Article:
There’s been no shortage of investment in printed, flexible, and organic electronics aimed at driving next-generation displays, organic photovoltaics (OPV), transparent conductive films (TCFs), smart packaging, and thin-film batteries. Yet, challenged by the inherent technical hurdles and long development cycles, few firms have turned their potential into big cash returns. Those that eventually succeed will do so by building partnerships today that pool expertise in materials, equipment and device development.
This week’s graphic expressly focuses on display developers, and applies the Lux Innovation Grid to compare how potential partners compare in Technical Value and Business Execution. The field encompasses more mature technologies, like small molecule organic light-emitting diode (OLED) and electrophoretic displays, in addition to emerging technologies, including electrochromic and electrofluidic displays.
A glance at companies comprising the Dominant Quadrant clearly illustrates that OLED materials and equipment have a clear headstart over more emergent technologies like electrochromic and electrofluidic displays. OLED displays have found success thus far primarily in mobile displays, but development of larger displays like televisions is underway. Notable players include materials developers like Universal Display Corporation (UDC) and Novaled, in addition to equipment makers like Kateeva. These companies also comprise the majority of the “Positive” takes on the chart due to the strength of OLED technologies in general and the solutions that these companies can provide.
E Ink stands out for its Technical Value and Business Execution. The former derives from its high score in technology and intellectual property, the latter from its strong partnerships and management team. In addition, E Ink scores the only “Strong Positive” on our chart. This lofty position should not come as a surprise, since E Ink has a nearly 100% market share of the electrophoretic market, which is commonly found in e-readers like the Amazon Kindle.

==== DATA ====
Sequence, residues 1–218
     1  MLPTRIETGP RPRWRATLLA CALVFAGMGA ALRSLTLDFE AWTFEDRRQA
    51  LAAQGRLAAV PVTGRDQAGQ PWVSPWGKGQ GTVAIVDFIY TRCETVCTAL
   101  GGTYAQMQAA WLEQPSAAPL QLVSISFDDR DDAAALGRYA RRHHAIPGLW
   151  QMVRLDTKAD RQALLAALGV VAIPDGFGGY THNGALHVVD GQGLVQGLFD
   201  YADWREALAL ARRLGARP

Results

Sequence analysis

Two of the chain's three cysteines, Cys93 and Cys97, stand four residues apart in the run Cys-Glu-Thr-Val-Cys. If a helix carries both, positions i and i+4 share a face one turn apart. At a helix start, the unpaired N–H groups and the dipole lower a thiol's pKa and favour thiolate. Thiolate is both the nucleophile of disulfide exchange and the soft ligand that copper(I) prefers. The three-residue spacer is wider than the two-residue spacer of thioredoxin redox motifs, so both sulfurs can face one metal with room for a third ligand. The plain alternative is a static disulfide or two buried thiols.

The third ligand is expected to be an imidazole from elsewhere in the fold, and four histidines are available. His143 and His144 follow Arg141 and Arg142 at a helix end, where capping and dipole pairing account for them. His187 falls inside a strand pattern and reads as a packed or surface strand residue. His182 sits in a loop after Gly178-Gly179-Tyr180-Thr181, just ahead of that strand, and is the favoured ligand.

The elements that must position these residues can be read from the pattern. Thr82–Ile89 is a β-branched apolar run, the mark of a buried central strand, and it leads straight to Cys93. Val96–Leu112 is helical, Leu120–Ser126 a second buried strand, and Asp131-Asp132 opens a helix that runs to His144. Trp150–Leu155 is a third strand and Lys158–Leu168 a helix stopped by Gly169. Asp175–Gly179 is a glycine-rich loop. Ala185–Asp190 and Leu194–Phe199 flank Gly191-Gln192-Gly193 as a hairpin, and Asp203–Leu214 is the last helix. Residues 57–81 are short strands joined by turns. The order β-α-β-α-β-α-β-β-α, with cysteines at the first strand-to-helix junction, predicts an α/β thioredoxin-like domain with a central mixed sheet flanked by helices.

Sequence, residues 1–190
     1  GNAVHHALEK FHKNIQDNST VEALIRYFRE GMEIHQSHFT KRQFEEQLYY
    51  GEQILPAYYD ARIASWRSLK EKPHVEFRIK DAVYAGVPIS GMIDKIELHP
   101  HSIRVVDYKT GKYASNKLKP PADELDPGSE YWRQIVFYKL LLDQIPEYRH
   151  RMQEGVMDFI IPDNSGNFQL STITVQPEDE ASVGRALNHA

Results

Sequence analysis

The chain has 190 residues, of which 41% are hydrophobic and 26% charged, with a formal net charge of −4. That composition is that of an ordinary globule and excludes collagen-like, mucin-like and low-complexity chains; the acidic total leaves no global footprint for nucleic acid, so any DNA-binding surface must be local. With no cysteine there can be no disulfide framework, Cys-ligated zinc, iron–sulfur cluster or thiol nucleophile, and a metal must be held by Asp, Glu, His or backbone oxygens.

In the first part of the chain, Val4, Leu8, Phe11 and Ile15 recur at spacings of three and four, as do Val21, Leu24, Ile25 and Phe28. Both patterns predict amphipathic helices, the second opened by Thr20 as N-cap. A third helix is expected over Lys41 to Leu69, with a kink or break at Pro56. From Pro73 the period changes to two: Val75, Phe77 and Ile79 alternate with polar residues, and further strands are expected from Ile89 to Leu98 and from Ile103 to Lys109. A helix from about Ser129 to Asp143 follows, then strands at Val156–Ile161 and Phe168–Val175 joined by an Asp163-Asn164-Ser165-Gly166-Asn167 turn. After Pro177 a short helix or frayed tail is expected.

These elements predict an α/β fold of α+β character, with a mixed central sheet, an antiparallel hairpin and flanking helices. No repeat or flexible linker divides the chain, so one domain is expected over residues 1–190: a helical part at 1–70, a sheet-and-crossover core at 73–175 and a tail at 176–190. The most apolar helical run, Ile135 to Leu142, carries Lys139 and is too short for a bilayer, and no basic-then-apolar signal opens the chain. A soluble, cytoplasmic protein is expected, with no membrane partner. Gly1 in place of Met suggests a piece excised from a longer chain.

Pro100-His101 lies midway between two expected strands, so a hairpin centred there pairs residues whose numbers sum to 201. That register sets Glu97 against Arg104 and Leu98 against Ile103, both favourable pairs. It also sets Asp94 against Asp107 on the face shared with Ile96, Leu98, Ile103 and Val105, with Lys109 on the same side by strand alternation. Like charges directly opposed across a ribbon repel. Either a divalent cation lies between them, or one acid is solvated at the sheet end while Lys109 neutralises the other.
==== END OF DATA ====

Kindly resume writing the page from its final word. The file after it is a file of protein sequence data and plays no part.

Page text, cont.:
Emerging reflective and flexible technologies are High-potential. Particularly for OLEDs, the transition to flexible displays requires new materials and substrates to protect the OLEDs from atmospheric contamination. New materials such as flexible glass from Corning Display or barrier films for plastic substrates from Tera-Barrier can enable flexible OLEDs.
Emerging reflective displays, like electrofluidic displays from Gamma Dynamics and cholesteric liquid crystal displays (LCDs) from Kent Displays, also fall into the High Potential category. Competing with electrophoretics will not be easy for the reflective technology developers, as both companies score above 3 on Technical Value, but below 3 on Business Execution – due to low scores on barriers to growth and revenue per employee.
Source: Lux Research report “Finding the Winning and Losing Companies in Printed, Flexible, and Organic Electronics.”